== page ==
Travelling with a conscience can be fraught. What customs are appropriate or in some circumstances, inappropriate? Sometimes even the best of intentions go awry as operators prey on the unsuspecting.
London-based online travel agent Responsibletravel.com has compiled a list of what it calls travel faux pas to avoid in 2015.
Managing director Justin Francis, says: “One thing we’ve learned over the years at responsibletravel.com is that some of the biggest Bucket List travel experiences are in fact big travel faux pas.”
Here’s his list of things you should not do – and should instead.
1. Ride an elephant
Plodding through the jungle on top of a powerful pachyderm is the dream of many an animal lover.
However, after speaking to a number of sanctuaries and wildlife groups, Responsibletravel.com learned that riding an elephant on your holiday is actually not only harmful to the elephant itself – but it endangers wild populations. Elephant charities have actually compared it with poaching and the ivory trade in terms of the devastating impacts.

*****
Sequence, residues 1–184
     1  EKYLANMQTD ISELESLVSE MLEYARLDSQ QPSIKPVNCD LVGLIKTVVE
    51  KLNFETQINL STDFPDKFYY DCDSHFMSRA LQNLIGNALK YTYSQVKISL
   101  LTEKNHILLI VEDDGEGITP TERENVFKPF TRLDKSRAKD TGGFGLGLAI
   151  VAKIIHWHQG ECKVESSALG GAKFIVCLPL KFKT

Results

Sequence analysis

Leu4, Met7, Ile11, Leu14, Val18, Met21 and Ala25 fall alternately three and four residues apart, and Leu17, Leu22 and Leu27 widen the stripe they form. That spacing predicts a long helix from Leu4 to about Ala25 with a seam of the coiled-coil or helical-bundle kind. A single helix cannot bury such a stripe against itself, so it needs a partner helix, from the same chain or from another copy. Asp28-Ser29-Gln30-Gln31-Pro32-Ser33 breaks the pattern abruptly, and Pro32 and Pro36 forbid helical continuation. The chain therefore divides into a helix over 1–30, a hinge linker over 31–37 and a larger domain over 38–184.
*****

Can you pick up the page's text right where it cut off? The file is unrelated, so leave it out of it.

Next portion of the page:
Happily, that doesn’t mean you have to cut elephants out of your holiday. There are a number of excellent sanctuaries looking after rescued and orphaned elephants – many as a result of the trade in elephants for trekking. And of course, seeing them in the wild not only supports the elephants – it also contributes to the conservation of their habitat.
2. Volunteer in an orphanage